- Applied Cryptography: Protocols, Algorithms, and Source Code in C

By Bruce Schneier

Publisher: John Wiley and Sons.


- Network Forensics: Tracking Hackers Through Cyberspace

By Sherri Davidoff and Jonathan Ham

Publisher: Prentice-Hall.



Lecture Schedule:


Students are advised that lecture slides are not a substitute for the lectures and the assigned readings from the textbook.  Examination questions, Assignments and Projects will require deeper understanding that can only be gained by additional textbook reading.




Topics and Lecture Notes (Stallings)


Topics and Lecture Notes (Stallings)


Topics: Introduction and Overview of Security

Lecture notes: Overview


Lecture notes: Security Basics (Kurose & Ross)


Week 7

Topics: Cryptographic Data Integrity Algorithms:  Cryptographic Hash Functions.  Message Authentication Codes.

Lecture notes: Chapter 11

Lecture notes: Chapter 12


Week 2-3

Topics: Classical Encryption Techniques.  Block Ciphers and the Data Encryption Standard

Lecture notes: Chapter 2-3


Week 8

Topics: Digital Signatures.

Lecture notes: Chapter 13

Week 4-5

Topics: Basic Concepts in Number Theory and Finite Fields.   Advanced Encryption Standard.

Lecture notes: Chapter 4-5


Week 9

Topics: Mutual Trust: Key Management and Distribution. User Authentication.

Lecture notes: Chapter 14

Lecture notes: Chapter 15


Week 6-7

Topics: Block Cipher Operation.  Pseudorandom Number Generation and Stream Ciphers.

Lecture notes: Chapter 6-7


Week 10

Topics: Network Access Control and Cloud Security.  Transport-Level Security.

Lecture notes: Chapter 16

Lecture notes: Chapter 17


Week 5

Topics: Asymmetric Ciphers:  More Number Theory.

Lecture notes: Chapter 8


Week 11

Topics: Wireless Network Security.  Electronic Mail Security.

Lecture notes: Chapter 18

Lecture notes: Chapter 19


Week 6

Topics: Public-Key Cryptography and RSA.  Other Public-Key Cryptosystems.

Lecture notes: Chapter 9

Lecture notes: Chapter 10


Week 12

Topics: IP Security.

Lecture notes: Chapter 20






Websites and News Stories of Interest:

Following are some website links relevant to this course.  Students are asked to inform the Instructor about other such websites – they may be added to the listing below.












·         Bloomberg:

·         LA Times:,0,2218463.story

·         Old net addresses run out in US - the last IPV4 addresses have been assigned, and there are none left.



Using SAGE (Appendix A.1 in Stallings, 6th Edition, and Appendix B)

SAGE is a CAS (Computer Algebra System) that may prove invaluable in learning and exploring the mathematics of cryptography.  Read the textbook and visit the website to download the SAGE system and obtain additional reference and reading materials.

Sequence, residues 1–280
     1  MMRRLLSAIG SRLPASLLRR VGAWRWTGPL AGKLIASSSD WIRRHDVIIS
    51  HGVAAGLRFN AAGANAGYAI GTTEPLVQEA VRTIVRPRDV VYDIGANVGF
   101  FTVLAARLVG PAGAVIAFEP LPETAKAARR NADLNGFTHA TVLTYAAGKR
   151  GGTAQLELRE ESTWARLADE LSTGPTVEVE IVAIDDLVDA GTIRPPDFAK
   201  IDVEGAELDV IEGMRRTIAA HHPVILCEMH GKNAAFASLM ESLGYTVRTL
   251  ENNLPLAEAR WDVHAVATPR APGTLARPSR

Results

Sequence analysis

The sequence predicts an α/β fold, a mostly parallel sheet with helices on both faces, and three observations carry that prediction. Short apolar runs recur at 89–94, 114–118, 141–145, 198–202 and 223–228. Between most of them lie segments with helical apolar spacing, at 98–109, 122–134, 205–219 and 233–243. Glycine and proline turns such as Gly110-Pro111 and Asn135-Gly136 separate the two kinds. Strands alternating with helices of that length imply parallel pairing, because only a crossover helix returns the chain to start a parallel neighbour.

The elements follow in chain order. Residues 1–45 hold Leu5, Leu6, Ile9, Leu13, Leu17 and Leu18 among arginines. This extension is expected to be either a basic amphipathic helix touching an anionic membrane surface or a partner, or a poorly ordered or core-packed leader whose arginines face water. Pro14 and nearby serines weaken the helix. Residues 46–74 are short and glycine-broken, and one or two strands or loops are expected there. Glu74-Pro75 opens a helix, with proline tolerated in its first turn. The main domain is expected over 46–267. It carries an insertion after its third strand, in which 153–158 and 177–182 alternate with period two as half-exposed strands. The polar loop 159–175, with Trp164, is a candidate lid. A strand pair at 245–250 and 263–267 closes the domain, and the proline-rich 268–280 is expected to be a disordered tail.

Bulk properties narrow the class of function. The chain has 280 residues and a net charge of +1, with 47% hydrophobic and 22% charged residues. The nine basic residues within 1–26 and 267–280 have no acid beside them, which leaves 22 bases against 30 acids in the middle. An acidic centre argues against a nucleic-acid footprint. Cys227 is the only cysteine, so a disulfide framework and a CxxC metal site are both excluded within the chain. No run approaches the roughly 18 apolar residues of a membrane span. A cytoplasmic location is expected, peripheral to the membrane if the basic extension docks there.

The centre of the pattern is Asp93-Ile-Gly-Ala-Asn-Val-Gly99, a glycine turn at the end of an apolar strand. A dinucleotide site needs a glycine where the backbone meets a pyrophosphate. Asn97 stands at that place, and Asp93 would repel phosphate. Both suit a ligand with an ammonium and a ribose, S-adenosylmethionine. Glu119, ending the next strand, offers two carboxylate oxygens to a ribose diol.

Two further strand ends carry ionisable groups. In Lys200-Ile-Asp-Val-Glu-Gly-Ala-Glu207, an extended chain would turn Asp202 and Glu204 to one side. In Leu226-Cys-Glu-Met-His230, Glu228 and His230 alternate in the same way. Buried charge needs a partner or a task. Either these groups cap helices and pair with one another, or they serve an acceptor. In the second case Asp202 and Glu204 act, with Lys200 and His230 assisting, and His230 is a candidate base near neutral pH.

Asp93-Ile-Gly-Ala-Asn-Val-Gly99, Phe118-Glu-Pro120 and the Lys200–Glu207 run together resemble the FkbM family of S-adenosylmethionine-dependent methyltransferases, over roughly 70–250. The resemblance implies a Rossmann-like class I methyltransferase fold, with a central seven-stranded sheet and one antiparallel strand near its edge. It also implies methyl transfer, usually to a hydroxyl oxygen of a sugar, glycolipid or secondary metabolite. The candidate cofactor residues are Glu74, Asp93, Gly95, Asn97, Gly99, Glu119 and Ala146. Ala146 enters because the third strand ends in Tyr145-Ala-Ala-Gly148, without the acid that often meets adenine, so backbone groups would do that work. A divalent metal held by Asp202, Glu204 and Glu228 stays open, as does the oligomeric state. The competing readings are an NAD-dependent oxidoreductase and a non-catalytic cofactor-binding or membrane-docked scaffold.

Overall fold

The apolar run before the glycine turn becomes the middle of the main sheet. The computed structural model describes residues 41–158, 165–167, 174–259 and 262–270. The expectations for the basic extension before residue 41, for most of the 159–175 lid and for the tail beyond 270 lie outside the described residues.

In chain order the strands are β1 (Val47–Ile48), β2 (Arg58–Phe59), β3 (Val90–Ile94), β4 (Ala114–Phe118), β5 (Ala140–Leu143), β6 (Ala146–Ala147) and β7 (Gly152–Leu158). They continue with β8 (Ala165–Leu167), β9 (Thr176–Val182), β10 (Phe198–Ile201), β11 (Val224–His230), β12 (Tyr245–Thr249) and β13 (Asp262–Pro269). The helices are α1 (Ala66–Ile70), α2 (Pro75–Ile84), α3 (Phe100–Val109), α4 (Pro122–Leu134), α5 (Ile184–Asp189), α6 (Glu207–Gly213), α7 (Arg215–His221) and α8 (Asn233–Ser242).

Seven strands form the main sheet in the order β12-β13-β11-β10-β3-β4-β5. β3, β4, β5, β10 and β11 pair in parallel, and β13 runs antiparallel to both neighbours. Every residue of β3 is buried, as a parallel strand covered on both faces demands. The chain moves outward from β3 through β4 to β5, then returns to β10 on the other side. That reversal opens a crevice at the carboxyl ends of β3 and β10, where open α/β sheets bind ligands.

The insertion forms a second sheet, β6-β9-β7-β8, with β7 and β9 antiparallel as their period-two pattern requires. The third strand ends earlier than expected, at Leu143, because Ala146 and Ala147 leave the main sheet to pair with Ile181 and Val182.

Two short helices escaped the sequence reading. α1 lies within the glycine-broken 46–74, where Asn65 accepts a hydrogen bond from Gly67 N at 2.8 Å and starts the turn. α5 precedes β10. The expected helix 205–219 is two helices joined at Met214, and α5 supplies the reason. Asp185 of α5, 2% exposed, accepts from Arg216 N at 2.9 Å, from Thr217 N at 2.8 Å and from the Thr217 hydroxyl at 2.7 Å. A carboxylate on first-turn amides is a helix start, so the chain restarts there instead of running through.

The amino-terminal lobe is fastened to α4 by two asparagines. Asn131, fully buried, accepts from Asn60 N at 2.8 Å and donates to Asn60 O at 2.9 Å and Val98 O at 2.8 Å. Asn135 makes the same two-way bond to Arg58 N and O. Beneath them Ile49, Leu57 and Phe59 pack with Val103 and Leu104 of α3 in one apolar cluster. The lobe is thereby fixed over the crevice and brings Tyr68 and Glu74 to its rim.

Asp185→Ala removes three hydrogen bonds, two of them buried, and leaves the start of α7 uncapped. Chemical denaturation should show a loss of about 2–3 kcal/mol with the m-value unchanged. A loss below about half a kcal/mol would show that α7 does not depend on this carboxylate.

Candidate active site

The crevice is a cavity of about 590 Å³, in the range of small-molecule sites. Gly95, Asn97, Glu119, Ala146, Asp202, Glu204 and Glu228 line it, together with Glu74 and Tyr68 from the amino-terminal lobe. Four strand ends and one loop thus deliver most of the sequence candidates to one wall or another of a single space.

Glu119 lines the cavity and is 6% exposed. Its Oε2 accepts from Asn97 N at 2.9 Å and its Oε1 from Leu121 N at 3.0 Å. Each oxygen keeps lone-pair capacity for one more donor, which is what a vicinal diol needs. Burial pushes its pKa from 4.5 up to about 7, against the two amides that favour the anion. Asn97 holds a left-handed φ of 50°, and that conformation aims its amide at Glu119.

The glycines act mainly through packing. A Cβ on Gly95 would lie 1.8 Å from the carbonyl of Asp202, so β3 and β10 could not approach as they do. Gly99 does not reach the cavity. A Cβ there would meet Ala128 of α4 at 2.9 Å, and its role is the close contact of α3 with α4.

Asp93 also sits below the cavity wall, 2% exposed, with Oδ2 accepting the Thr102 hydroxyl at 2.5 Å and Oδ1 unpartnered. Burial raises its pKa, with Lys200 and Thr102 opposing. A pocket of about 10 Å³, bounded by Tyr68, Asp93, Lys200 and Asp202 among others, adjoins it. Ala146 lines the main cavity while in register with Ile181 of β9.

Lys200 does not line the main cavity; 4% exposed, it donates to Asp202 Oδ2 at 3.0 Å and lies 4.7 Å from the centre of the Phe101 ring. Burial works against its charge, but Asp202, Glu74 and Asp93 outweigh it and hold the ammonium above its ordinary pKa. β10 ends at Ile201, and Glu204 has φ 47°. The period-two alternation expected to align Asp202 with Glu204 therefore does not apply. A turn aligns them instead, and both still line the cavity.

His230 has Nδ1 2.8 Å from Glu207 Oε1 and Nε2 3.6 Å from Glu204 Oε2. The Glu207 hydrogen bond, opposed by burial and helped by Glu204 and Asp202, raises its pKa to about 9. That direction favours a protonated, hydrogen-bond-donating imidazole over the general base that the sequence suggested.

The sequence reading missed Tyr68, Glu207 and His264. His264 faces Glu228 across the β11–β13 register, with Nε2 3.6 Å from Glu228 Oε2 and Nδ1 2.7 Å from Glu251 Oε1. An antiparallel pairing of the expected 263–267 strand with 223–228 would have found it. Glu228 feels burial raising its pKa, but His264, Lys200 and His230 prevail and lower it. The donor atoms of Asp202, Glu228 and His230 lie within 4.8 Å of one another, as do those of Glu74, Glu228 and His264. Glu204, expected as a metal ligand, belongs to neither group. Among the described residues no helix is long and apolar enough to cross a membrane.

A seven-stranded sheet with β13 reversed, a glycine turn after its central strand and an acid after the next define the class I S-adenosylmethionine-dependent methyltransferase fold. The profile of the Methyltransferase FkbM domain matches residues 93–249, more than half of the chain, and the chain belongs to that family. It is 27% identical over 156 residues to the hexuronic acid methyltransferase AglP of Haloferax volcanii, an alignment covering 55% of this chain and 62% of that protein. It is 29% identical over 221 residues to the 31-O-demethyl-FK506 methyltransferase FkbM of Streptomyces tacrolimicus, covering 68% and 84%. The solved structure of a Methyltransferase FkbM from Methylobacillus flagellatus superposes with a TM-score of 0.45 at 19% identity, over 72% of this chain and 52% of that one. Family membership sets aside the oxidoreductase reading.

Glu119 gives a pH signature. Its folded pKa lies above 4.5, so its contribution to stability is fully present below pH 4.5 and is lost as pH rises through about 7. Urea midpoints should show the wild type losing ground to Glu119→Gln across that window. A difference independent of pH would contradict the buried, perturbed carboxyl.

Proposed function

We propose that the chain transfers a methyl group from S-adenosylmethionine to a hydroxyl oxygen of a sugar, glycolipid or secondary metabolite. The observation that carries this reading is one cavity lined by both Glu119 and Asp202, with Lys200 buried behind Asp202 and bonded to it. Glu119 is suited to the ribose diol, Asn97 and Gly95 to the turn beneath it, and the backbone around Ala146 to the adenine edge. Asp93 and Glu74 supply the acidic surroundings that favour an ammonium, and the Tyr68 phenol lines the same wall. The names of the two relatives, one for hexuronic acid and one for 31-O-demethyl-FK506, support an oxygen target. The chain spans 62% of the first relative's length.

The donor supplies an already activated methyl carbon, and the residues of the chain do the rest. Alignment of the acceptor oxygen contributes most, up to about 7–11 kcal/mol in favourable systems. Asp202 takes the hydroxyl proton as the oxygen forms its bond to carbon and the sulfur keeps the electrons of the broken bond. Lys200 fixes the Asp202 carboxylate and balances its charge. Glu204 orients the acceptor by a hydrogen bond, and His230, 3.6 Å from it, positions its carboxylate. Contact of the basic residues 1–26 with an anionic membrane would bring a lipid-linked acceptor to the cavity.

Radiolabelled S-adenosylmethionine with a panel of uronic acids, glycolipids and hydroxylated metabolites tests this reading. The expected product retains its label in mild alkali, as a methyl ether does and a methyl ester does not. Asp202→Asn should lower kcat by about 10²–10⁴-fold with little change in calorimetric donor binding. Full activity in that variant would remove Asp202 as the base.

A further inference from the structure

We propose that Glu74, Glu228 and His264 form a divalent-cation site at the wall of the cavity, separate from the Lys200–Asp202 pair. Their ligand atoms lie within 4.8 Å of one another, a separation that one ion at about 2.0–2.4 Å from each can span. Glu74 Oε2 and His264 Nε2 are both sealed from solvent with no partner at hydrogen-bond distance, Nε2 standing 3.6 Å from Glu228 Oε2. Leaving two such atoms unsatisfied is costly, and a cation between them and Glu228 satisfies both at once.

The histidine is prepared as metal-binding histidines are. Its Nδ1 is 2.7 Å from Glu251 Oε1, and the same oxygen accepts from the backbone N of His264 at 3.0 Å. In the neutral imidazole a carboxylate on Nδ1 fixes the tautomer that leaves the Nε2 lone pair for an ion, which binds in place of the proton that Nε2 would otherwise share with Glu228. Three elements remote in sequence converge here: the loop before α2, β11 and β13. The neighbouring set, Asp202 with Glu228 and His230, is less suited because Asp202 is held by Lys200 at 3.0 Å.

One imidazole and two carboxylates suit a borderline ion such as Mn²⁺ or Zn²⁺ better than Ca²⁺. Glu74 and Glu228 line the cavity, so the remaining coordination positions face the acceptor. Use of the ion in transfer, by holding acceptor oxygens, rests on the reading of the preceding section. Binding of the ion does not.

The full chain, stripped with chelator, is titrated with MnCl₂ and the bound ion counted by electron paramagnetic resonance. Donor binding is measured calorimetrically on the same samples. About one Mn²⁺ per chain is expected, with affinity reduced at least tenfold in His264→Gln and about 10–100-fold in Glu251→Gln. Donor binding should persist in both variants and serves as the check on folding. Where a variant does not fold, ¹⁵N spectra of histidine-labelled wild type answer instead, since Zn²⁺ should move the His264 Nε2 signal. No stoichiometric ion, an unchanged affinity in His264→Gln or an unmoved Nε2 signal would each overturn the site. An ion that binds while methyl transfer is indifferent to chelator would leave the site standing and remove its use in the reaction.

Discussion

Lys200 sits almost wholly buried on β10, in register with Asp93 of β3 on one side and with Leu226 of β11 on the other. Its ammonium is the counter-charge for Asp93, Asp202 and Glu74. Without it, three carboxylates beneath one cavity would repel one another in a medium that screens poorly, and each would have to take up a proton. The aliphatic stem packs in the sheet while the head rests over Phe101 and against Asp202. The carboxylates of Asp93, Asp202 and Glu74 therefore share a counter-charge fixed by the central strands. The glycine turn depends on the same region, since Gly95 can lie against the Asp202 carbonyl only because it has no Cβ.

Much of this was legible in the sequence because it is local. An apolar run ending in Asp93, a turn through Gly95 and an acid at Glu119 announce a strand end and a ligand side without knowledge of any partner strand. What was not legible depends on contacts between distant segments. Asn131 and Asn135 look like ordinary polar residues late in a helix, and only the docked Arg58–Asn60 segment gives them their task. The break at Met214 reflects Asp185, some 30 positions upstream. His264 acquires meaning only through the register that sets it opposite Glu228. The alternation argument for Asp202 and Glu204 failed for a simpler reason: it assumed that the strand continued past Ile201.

SAGE Website:



Security Alerts in the News:


Brief Description


Heartbleed Bug

Bash Bug


Apple lists top 25 apps hit by malware -



Policy on cheating:

The professor and teaching assistant for 60-367 will put a great deal of effort into helping students to understand and to learn the material in the course.  However, they will not tolerate any form of cheating.


The professors and teaching assistants will report any suspicion of cheating to the Director of the School of Computer Science.  If sufficient evidence is available, the Director will begin a formal process according to the University Senate Bylaws.  The instructor will not negotiate with students who are accused of cheating but will pass all information to the Director of the School of Computer Science.


The following behaviours will be regarded as cheating (together with other acts that would normally be regarded as cheating in the broad sense of the term):


·         Copying assignments

·         Allowing another student to copy an assignment from you and present it as their own work

·         Copying from another student during a test or exam

·         Referring to non-approved notes, textbooks, etc. during a test or exam

·         Talking during a test or an exam

·         Communicating with another student in any way during a test or exam

·         Having access to the exam/test paper prior to the exam/test

·         Asking a proctor for the answer to a question during an exam/test

·         Presenting another person’s work as your own

·         Using web resources and information without proper referencing and quotation indicators

·         Modifying answers after they have been marked and attempting to use those to support an appeal

·         Any other behaviour which attempts unfairly to give you an advantage over other students in the grade-assessment process

·         Refusing to obey the instructions of the officer in charge of an examination.


Copyright 2015.  Dr. Robert D. Kent.  All rights reserved.  All content on this website is the responsibility of R. D. Kent.  Report all errors and problems to Dr. Kent.